Exclusive for Futures-Past Editions.
I am mostly relying upon treacherous memory here.
Having heard for a year, about the forthcoming and much-heralded "adult" science fiction series Star Trek, which was set to start running in two months on CBS, I was very excited to learn that an episode would be premiered at the 1966 Westercon in July of that year, which I was already planning on attending. Though my mind was, as ever, on amour throughout the convention, I looked forward with anticipation to the Star Trek screening, particularly as such events were a rarity in those days. (Little dreaming that one day I would be working for the show's producer.)
Came the fateful day and hour. We were ushered into a very wide, brightly lit hotel auditorium, about thirty rows deep and, it felt like, sixty wide. Bjo and John Trimble, Gene Roddenberry, cast member Majel Barrett, and the show's star, who played the captain of the spaceship, William Shatner, were offstage in the wings.
Someone had decided fans would be impressed (and that person was right!) if the star of a television show were to come on stage and say a few words. Bill panicked. "What should I say?" he blurted. "I'm an actor. I need lines. I'm not a writer!" Bjo Trimble, with the instant presence of mind that characterized her, responded. "Just run out there. Pause in the middle of the stage. Flash them the V for victory sign, ay, 'Frodo lives!' And come back. They'll love it." "Frodo lives?" Shatner said wonderingly. "What does that mean?" "Never mind," Bjo replied. "Just go out and say it and back. You'll be a big hit."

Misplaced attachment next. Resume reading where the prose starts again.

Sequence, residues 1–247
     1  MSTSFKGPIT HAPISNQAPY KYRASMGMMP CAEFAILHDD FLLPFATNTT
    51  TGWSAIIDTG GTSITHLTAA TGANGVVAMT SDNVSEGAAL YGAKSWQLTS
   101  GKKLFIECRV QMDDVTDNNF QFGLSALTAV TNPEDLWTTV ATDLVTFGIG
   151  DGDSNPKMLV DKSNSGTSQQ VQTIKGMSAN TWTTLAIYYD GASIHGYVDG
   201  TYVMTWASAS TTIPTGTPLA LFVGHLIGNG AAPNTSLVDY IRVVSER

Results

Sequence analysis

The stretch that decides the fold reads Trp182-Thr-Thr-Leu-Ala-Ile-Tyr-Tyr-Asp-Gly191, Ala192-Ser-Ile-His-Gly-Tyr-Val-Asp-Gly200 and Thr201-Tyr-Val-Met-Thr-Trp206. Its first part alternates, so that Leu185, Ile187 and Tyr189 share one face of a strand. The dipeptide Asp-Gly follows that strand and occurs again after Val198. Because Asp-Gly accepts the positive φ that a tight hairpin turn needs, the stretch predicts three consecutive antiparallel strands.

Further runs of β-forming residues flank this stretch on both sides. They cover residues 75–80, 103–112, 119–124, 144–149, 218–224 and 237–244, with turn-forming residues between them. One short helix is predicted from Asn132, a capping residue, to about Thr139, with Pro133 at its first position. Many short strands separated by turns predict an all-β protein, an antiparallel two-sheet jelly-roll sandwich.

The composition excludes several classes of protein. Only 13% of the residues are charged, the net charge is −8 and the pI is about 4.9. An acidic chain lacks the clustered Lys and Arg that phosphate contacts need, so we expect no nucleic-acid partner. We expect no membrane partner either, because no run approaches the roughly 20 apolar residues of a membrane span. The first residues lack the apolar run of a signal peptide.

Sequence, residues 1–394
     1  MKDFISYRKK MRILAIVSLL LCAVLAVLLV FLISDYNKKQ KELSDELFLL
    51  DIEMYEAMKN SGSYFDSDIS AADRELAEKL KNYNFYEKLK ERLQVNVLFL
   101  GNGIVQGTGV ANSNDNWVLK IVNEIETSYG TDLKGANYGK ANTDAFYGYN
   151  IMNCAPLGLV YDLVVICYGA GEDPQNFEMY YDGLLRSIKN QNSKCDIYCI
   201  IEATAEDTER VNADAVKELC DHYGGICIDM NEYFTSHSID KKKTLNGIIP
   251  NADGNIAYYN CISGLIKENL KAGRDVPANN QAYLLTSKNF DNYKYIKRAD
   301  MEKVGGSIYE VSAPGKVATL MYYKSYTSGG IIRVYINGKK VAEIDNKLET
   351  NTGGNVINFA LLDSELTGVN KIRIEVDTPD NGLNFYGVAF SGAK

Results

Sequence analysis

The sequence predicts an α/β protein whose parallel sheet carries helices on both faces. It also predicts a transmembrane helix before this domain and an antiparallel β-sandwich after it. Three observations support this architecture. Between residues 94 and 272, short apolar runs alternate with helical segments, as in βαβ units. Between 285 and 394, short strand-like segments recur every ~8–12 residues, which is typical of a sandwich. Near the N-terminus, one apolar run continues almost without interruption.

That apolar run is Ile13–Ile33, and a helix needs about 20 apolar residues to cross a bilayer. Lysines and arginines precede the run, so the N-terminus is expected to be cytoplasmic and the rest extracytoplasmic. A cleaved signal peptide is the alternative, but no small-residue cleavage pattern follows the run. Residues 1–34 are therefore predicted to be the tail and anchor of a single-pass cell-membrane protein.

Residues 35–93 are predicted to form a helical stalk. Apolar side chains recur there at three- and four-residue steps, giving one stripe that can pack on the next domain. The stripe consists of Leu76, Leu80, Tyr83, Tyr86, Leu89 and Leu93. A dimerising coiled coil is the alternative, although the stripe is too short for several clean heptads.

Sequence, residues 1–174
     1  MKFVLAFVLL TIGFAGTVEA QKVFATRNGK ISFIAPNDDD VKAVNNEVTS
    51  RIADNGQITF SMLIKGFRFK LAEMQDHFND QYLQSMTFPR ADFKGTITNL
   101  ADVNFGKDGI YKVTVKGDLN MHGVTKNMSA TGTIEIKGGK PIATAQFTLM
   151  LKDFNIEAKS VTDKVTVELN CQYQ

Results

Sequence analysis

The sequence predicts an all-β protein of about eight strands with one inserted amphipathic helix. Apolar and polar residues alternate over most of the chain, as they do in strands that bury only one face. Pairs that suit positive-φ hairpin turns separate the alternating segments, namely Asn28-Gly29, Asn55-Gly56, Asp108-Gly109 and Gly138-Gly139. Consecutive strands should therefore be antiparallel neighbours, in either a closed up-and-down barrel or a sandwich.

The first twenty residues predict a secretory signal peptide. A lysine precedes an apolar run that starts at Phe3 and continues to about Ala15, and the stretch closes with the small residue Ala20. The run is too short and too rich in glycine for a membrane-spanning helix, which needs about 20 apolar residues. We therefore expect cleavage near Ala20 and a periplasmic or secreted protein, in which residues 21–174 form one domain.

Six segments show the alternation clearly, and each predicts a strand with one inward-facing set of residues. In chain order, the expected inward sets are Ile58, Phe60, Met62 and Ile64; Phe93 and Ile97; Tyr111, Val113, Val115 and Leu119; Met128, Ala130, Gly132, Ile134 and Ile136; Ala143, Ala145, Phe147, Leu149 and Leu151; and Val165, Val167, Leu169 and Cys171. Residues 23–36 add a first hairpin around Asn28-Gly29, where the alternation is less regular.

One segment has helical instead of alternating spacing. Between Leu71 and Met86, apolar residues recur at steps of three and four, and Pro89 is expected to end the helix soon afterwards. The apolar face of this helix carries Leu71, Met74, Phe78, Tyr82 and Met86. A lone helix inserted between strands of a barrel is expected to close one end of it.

All we knew in the audience was that with a few words of introduction from Bjo, a Hollywood star dashed out before us, held his fingers up in a V and said one of the secret code words of fandom (at a time when The Lord of the Rings had yet to sell its first fifty thousand copies), "Frodo lives."
We went wild. Even before seeing one frame of film, we went wild! Applause thundered out in a wave, people stood up. A huge, surprised smile lit Shatner's face. (These people loved him!) And he ran back off stage with the applause still ringing. It was Bill's first taste of the heady nectar of fannish adulation. A taste, like single malt, once discovered, oft imbibed.
Came the big moment. Lights were dimmed and windows curtained. A screen lowered over the stage and a 35mm sound projector began to whir.
Some people say that it was the premier episode of Star Trek, George Clayton Johnson's "Man Trap," that was shown. I remember it as Samuel A. Peeples' "Where No Man Has Gone Before." I am positive it involved a crew member who developed extra sensory abilities, went mad with power and had to be put down by the rest of the crew before he destroyed them all.
Whichever it was, I remember being very enthused and thinking that it was actually like good science fiction stories, not about giant monsters and kid oriented juvenile adventures.Nothing like the silliness of Lost in Space. Instead, the episode raised actual human issues. It was very much in the mode of the action-adventure-with-an-idea kind of stories one would have found many of the science fiction magazines of a decade earlier, a sure sign that Hollywood was catching up with real science fiction at last. I thought that if the rest of the series could hold up to this, I would want to watch it.
From the applause around me, I was certain most of the other fans there felt the same.
I liked Shatner, too. He was an emotive actor, who seemed to sincerely want to portray the range of feelings the captain of a starship would experience when confronted with the strange and unfamiliar. Not at all in the rather boringly, to me, stoic mode of many male actors of the era.
Two months later, I was sitting in a living room with half a dozen other fans, watching the premier episode, which certainly was Johnson's "Man Trap." We were not disappointed.
(More about my life with Star Trek in the next installment.)
Jean Marie Stine
author, Herstory & Other Science Fictions, ebook an paperback.